Getting Outside

Why Outside Activity Helps Mental Health 

Walking or running seems to give us an extra boost when done in natural environments rather than indoors, reducing feelings of anger, fatigue and sadness. We don't even need to do it for long! Exercising in green spaces for as little as five minutes was found to improve mood and feelings of self-esteem.

Stress is relieved within minutes of exposure to nature as measured by muscle tension, blood pressure, and brain activity. Time in green spaces significantly reduces your cortisol, which is a stress hormone. Nature also boosts endorphin levels and dopamine production, which promotes happiness! 

Here are some of the many ways that spending time outdoors can help support good mental health and wellbeing. 

Time in green spaces 
Researchers have found a fascinating link between access to green space, and a reduced risk of mental health problems, improved mood, and increased life satisfaction. Other benefits include reduced stress, increased physical activity, and better physical health. 

Staying active 
Besides the benefits for our physical health, exercising and staying active is also good for our mental health. We know that physical activity may reduce the risk of mental health problems, like anxiety or depression, and exercising in green spaces can have an extra added benefit. 

Relaxation and mindfulness 
Taking quiet time to reflect on our natural surroundings can be positive for mental health and wellbeing. There is evidence that ‘forest therapy’ or ‘forest bathing’ (famously known as Shinrin Yoku in Japan) may lead to improved mental health. This involves spending active time in a forest observing our surroundings, using all of our senses. 

Interacting with wildlife 
Some studies suggest that being around animals and wildlife may be beneficial for overall wellbeing. They have found that activities involving observing and interacting with wildlife in their natural habitat, such as watching birds in a garden, can improve people’s feelings of wellbeing, relaxation, and connection to nature.
Why not take a couple of minutes now to look out of your window or step outside and notice what is going on in the nature around you? 

Creativity 
Many people find nature inspires them to create, be it through painting, drawing, photography or writing. There is so much out there just waiting to be our source of creativity – from vibrant and fiery autumnal leaves to the crunch of frost underfoot on a cold winter morning.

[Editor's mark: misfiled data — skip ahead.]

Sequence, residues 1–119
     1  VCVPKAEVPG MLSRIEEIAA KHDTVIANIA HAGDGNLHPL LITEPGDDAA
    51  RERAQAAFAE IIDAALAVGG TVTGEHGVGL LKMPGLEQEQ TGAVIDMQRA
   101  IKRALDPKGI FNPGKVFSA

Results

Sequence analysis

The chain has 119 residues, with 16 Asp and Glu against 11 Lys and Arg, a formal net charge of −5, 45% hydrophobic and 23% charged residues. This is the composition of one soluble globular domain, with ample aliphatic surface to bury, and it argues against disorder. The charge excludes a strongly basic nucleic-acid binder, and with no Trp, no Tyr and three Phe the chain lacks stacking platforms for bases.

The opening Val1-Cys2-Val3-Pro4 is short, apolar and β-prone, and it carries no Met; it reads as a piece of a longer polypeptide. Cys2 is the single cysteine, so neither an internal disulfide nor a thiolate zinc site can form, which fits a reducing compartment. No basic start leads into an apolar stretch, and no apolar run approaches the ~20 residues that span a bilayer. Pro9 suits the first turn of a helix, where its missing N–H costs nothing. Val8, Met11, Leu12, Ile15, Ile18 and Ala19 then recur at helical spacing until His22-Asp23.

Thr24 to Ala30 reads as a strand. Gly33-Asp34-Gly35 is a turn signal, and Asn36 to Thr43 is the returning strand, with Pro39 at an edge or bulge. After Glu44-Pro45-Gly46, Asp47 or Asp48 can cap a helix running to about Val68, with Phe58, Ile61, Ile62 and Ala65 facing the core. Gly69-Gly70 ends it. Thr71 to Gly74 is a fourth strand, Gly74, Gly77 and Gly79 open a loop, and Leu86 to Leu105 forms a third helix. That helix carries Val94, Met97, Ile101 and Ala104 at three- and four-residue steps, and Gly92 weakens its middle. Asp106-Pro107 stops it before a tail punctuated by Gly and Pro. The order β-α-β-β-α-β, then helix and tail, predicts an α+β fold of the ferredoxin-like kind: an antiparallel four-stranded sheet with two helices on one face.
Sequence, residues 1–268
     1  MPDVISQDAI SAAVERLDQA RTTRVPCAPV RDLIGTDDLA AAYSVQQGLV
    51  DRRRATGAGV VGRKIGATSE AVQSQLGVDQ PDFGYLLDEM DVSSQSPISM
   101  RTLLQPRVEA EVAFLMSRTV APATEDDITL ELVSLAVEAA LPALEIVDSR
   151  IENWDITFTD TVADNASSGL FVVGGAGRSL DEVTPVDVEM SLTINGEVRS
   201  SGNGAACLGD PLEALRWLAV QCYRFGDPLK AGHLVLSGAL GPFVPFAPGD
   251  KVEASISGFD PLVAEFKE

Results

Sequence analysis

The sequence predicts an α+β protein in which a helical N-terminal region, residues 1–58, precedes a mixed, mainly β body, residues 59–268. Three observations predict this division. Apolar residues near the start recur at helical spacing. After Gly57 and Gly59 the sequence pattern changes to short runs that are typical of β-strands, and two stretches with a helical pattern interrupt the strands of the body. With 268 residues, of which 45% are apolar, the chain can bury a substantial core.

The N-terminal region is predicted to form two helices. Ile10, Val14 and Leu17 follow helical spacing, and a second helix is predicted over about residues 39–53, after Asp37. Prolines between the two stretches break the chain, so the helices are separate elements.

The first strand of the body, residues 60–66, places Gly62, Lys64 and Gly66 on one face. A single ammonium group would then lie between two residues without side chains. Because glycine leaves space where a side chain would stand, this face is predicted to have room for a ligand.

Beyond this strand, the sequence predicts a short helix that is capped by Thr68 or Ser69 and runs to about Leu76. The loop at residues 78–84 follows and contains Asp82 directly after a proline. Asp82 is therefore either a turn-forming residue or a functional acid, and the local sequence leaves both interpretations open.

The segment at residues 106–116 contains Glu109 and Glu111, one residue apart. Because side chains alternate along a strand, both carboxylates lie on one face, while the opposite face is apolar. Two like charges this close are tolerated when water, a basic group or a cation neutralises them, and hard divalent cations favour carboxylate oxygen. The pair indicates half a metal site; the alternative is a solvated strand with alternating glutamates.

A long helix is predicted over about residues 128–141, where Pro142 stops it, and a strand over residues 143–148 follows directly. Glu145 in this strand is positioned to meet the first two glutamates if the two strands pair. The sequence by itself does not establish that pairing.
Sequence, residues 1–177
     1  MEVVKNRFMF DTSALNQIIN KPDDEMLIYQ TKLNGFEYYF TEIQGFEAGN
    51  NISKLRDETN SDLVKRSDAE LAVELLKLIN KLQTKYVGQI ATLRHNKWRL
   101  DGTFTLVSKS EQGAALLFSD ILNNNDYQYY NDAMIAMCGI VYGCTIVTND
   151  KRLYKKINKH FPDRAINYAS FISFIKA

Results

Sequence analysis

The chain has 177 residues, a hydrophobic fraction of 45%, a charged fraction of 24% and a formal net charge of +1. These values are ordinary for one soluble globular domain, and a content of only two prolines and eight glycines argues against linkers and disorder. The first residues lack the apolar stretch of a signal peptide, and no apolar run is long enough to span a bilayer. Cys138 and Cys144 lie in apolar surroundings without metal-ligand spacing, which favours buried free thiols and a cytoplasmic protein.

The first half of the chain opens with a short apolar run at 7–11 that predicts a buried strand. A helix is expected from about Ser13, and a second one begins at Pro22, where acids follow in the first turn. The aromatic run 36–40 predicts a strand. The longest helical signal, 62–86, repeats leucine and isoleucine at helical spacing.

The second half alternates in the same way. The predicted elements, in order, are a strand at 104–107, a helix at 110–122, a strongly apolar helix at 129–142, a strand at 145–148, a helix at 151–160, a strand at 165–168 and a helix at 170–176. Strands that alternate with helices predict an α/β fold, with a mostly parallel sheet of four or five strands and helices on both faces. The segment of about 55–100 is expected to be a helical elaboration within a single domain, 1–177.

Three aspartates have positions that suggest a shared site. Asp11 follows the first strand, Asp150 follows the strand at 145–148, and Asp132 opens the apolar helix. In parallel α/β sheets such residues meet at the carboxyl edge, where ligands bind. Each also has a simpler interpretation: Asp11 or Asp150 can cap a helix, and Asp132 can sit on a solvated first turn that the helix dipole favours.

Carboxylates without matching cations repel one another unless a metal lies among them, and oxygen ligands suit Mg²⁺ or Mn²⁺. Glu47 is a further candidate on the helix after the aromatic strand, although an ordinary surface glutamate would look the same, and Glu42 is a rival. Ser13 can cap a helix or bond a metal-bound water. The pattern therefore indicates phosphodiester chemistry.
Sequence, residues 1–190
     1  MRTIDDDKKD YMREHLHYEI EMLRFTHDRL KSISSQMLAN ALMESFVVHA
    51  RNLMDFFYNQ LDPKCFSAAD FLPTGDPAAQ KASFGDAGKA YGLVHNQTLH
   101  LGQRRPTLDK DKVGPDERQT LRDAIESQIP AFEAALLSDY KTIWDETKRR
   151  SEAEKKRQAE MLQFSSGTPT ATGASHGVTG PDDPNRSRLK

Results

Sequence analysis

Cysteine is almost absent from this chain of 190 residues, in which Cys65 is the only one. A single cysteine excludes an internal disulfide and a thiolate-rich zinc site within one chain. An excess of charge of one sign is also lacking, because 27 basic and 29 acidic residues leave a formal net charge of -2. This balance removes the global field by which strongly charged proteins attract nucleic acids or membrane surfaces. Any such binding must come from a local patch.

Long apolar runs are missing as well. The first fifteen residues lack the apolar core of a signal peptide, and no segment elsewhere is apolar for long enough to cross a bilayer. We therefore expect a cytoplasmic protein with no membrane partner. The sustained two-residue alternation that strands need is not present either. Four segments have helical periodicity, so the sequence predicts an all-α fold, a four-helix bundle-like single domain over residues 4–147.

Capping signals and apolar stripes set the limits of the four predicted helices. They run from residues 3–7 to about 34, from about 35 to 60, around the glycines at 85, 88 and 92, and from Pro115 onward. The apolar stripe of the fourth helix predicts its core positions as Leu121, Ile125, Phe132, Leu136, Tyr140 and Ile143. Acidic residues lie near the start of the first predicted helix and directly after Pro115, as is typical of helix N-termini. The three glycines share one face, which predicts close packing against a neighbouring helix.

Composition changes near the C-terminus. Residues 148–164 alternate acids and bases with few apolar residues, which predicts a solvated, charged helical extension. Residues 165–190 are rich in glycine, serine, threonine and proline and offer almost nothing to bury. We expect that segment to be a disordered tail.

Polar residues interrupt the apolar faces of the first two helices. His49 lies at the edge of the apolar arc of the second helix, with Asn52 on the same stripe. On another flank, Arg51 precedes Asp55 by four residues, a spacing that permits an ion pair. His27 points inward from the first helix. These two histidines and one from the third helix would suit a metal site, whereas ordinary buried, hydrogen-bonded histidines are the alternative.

Gardening, conservation and farming 
There is good evidence that people who spend time gardening experience a wide range of positive results including improvements in mood, quality of life and feelings of community. 

Being part of something bigger 
Do you care about the footprint you leave behind? Want to benefit your local natural environment or community? Or be a part of a global environmental movement? Taking part in social action and making an impact in our local area not only benefits the community at large but also ourselves.? 

 

 The text above has been sourced from https://www.mentalhealth.org.uk/campaigns/thriving-with-nature?. 

 

Local Places to Get Active Outside

Here’s a list of some fantastic local places where you can get some most likely much-needed fresh air. Click on each one to see more details. 

 

Duthie Park Trail 
Accessibility Info: Mostly wheelchair accessible but with some steep slopes & uneven ground. Entry 5 not fully accessible. See pdf of route for full details. 

Aberdeen Granite Trail 
Accessibility Info: Mostly wheelchair accessible. See pdf of route for full details. 

Aberdeen Sculpture & Curios Trail 
Accessibility Info: Mostly wheelchair accessible. See pdf of route for full details.

Aberdeen Maritime Trail 
Accessibility Info: Mostly wheelchair accessible. See pdf of route for full details. 

Old Aberdeen Trail 
Accessibility Info: Mostly wheelchair accessible. See pdf of route for full details. 

Kincorth Hill Walking Routes 
Accessibility Info: Restricted access for wheelchairs due to gradients.

Brimmond Hill Walking Routes 
Accessibility Info: Not suitable for wheelchair use due to path width, grain and slope. 

Aberdeen Coastal Trail 
Accessibility Info: Some areas suitable for wheelchairs; check pdf for full details. 

 

See our Insta Guide here for some gorgeous images of the above sites! 

 

Our Favourite Aberdeen Resident Outdoor Photographers 

A bit tired of seeing the same city streets & views day in and day out? We know how you feel. Here’s a list of local outdoor photographers who might help to renew the way you see Aberdeen (and shire!) with their beautifully unique perspectives. Check them out and give them a follow; you might like what you see! 

 

Carms Ramos 

Tycia 

Mike Meller 

Jael-Broken Pics Photography 

One Man & His Drone 

Charlie Davidson 

Mark Purmal 

Mairi Grant 

Mark Donovan 

Max The Cocker UK